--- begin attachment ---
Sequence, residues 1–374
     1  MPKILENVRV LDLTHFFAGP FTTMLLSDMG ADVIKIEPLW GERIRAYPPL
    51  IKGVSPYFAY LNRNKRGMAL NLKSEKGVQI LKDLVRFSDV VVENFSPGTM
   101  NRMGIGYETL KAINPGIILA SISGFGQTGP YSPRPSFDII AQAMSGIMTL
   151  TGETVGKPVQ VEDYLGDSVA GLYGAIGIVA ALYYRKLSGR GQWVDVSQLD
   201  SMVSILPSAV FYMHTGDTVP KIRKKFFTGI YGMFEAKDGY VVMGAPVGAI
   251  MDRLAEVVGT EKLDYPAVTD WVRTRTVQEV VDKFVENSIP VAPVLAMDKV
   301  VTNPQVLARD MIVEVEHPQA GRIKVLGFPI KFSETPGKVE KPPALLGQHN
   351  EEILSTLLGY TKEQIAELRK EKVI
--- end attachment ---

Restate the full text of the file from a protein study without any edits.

Sequence, residues 1–374
     1  MPKILENVRV LDLTHFFAGP FTTMLLSDMG ADVIKIEPLW GERIRAYPPL
    51  IKGVSPYFAY LNRNKRGMAL NLKSEKGVQI LKDLVRFSDV VVENFSPGTM
   101  NRMGIGYETL KAINPGIILA SISGFGQTGP YSPRPSFDII AQAMSGIMTL
   151  TGETVGKPVQ VEDYLGDSVA GLYGAIGIVA ALYYRKLSGR GQWVDVSQLD
   201  SMVSILPSAV FYMHTGDTVP KIRKKFFTGI YGMFEAKDGY VVMGAPVGAI
   251  MDRLAEVVGT EKLDYPAVTD WVRTRTVQEV VDKFVENSIP VAPVLAMDKV
   301  VTNPQVLARD MIVEVEHPQA GRIKVLGFPI KFSETPGKVE KPPALLGQHN
   351  EEILSTLLGY TKEQIAELRK EKVI